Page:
President-elect Biden and Senate Majority Leader McConnell (R-Ky.), who’ve known each other for decades, have emerged from last week’s elections poised to become Washington’s new power brokers. Both have shown an inclination to make deals, and they have cut major deals working directly with each other. As Biden prepares to take office and lead a nation gripped by crisis and turmoil, the two men, both nearing 80, hold the potential to reach bipartisan agreements that can redefine the scope of government and shape the nation’s economy.

During his presidential acceptance speech on Saturday, Biden emphasized his belief in a “mandate given to us by the American people” to reach bipartisan agreements with congressional Republicans, who gained seats in the House and are set to retain control of the Senate under McConnell.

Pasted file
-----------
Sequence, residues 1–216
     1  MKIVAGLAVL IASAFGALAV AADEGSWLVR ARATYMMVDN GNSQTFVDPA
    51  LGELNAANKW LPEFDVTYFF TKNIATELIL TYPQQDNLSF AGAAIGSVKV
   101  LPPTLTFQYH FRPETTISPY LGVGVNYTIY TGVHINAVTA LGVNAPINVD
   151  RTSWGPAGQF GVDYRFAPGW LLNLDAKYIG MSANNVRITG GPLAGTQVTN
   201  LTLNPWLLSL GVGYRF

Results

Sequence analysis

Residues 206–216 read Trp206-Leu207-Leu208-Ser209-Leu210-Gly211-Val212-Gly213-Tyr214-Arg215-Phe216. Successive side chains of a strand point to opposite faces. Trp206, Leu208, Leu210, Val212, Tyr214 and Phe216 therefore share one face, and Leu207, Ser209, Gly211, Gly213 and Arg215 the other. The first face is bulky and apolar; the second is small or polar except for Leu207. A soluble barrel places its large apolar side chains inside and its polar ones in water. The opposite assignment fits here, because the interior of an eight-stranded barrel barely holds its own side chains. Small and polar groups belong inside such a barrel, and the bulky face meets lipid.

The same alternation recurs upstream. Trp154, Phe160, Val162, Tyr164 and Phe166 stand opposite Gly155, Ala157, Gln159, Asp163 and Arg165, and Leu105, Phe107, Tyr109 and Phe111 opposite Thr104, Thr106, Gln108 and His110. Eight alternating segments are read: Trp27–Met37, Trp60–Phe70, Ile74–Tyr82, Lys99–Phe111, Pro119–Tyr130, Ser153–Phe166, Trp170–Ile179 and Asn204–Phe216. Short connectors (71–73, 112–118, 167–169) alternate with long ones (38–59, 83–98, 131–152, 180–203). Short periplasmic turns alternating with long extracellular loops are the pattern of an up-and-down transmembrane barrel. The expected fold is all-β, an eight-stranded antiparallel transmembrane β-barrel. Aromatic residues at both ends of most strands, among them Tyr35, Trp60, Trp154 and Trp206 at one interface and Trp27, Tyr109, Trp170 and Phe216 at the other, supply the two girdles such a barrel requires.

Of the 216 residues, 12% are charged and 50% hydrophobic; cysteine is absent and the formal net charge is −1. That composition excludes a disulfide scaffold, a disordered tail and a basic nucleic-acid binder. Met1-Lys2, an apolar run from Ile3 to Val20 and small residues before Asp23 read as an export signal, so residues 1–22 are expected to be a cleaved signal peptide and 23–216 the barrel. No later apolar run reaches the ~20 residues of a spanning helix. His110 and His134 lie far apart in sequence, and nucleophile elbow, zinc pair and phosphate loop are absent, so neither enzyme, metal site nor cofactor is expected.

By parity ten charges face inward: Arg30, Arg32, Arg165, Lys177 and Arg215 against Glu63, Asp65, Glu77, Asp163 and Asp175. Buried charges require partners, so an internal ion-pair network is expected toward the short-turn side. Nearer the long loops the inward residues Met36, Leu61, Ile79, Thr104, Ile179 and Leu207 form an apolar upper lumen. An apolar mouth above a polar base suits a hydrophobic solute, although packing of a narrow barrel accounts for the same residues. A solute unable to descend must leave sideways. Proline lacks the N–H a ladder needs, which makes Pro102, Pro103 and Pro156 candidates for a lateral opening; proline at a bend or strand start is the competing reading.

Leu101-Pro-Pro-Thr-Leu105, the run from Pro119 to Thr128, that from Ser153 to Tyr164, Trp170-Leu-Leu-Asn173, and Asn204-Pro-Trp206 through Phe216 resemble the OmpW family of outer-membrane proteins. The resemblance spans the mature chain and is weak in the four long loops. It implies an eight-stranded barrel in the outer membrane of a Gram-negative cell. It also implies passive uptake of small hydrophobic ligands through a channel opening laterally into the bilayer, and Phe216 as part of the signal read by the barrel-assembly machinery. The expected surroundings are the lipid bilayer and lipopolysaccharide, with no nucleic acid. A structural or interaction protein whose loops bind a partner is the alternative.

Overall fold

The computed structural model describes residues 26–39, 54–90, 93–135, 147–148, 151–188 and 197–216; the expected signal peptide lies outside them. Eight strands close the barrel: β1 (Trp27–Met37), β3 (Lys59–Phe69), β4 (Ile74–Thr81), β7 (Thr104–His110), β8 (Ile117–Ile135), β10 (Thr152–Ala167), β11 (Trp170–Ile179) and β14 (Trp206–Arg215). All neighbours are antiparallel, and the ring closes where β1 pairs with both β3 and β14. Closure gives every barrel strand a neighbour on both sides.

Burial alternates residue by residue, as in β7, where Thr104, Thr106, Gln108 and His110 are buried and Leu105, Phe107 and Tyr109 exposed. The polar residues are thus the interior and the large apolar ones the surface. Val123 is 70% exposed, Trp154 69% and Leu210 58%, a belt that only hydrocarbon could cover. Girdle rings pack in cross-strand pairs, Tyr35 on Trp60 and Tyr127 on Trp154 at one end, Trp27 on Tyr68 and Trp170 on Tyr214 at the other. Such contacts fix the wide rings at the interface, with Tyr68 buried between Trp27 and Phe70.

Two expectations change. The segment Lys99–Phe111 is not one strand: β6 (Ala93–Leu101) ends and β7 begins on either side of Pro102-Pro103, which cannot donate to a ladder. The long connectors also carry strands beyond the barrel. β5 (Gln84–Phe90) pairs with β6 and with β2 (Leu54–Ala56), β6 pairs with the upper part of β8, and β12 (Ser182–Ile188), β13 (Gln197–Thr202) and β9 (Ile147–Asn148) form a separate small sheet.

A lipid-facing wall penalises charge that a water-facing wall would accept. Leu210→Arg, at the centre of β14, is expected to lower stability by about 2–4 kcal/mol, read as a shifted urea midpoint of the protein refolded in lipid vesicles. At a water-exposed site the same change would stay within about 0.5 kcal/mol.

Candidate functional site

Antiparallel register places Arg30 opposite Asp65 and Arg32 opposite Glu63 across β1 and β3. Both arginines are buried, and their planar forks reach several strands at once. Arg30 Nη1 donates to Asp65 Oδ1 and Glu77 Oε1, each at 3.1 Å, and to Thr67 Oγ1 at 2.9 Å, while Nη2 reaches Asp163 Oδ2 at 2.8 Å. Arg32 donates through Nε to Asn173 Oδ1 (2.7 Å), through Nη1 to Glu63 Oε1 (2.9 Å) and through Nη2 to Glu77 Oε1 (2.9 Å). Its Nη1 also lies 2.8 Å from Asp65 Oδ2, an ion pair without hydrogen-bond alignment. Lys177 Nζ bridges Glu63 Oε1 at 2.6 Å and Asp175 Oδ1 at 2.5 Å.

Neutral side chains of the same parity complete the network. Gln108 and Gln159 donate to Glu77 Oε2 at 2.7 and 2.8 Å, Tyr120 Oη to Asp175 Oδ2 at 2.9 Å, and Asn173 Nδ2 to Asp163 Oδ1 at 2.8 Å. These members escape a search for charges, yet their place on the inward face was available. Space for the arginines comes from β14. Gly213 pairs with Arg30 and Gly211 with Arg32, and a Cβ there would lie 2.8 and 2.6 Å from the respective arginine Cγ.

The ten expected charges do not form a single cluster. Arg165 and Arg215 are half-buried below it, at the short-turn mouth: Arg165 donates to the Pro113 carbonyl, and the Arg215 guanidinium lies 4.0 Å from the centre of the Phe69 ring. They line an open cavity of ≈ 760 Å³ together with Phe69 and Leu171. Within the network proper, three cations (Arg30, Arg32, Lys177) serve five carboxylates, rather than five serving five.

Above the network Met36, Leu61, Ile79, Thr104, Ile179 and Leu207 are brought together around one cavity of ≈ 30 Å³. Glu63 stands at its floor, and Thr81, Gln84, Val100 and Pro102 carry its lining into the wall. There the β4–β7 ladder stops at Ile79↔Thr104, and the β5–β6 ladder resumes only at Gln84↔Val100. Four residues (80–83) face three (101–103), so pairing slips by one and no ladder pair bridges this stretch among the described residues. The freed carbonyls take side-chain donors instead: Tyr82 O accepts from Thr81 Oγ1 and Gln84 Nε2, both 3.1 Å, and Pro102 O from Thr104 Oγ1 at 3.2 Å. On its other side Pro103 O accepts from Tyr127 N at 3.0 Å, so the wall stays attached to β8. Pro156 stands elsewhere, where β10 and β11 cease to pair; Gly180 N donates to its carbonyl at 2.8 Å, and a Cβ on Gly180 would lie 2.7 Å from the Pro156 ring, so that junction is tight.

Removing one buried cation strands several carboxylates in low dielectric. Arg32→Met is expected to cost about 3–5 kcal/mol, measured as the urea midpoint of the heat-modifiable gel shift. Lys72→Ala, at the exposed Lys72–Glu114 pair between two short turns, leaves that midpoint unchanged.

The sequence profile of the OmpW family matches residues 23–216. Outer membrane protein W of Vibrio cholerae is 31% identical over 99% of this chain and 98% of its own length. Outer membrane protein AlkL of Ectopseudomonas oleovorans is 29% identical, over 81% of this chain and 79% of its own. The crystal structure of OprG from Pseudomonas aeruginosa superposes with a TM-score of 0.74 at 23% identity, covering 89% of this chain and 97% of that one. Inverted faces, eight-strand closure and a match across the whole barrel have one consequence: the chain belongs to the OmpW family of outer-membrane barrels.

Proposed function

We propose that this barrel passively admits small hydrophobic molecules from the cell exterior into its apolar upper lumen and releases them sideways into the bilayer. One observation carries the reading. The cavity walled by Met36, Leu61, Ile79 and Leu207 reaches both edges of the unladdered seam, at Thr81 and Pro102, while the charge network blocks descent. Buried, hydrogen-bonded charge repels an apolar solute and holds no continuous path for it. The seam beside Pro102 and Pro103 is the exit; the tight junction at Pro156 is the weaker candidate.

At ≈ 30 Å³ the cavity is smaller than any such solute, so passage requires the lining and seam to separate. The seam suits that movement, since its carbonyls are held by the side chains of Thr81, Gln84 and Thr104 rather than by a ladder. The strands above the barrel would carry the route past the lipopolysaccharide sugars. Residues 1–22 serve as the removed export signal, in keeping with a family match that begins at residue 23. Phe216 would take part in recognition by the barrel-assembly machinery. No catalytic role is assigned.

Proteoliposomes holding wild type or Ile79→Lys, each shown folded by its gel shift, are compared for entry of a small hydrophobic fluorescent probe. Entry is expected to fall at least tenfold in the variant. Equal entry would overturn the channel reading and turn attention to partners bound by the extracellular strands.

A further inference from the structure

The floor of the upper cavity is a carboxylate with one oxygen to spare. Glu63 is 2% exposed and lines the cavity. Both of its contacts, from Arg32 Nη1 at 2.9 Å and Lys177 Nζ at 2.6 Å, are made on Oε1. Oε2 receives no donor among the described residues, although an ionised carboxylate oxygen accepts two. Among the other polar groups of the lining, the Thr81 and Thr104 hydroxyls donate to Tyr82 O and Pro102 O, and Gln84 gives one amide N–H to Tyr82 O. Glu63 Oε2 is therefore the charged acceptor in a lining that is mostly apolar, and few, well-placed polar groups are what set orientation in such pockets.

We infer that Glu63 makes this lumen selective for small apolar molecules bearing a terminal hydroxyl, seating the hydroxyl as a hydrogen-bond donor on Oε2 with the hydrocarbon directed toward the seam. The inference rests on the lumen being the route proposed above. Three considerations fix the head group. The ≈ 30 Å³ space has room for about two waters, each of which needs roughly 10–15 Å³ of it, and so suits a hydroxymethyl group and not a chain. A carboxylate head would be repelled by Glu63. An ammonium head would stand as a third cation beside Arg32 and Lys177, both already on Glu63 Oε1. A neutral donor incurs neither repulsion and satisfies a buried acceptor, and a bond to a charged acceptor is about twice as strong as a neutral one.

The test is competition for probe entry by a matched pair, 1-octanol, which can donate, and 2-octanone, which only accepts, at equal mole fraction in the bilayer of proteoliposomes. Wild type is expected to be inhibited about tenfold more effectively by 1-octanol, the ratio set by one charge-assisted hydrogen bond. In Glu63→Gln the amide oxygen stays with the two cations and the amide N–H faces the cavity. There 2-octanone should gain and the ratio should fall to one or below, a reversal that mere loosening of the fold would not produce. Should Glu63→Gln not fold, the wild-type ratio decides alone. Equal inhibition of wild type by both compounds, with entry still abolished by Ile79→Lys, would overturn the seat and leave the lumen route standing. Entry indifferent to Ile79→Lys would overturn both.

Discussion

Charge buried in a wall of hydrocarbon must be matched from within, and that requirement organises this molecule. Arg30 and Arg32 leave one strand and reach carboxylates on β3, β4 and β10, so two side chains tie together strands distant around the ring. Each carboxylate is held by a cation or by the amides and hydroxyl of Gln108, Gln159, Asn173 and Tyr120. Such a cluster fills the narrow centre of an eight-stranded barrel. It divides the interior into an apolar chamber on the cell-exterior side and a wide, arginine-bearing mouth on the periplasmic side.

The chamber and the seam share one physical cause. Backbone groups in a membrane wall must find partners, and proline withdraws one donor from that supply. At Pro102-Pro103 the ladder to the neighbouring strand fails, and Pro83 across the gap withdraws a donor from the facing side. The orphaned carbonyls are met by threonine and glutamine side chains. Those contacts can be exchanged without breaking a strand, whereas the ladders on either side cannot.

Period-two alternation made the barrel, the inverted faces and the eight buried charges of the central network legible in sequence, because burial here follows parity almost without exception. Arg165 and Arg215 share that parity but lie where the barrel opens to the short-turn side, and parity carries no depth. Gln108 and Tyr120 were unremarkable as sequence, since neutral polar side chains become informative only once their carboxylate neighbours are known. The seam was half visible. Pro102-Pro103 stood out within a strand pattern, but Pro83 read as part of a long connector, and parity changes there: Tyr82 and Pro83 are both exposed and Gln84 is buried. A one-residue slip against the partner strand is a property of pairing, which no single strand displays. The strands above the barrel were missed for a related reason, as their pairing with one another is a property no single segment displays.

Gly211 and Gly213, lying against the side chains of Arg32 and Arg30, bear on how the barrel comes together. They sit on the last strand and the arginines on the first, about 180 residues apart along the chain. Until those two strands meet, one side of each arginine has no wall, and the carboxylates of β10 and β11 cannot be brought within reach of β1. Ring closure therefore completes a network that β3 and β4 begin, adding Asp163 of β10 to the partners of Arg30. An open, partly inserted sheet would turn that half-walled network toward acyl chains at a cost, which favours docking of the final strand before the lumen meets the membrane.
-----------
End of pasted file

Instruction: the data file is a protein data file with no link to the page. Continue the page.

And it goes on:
But the country and the two major political parties look very different from the last time Biden and McConnell served together in government, raising questions about whether new pressures will dash hopes of big bipartisan agreements. Biden risks a backlash from his base if he gives too much away to McConnell, whose policy priorities clash sharply with those of much of the Democratic base.

McConnell faces equally challenging political calculations. Biden’s defeat of Trump has hardened anger toward the president-elect on the right and reduced the appetite for cooperation among the conservative base. At the same time, Republicans will be defending a slew of Senate seats in purple states in 2022. McConnell, who has long been sensitive to the concerns of his members in seeking to retain his power, will be pressured to give them something to run on besides resisting the Democratic agenda.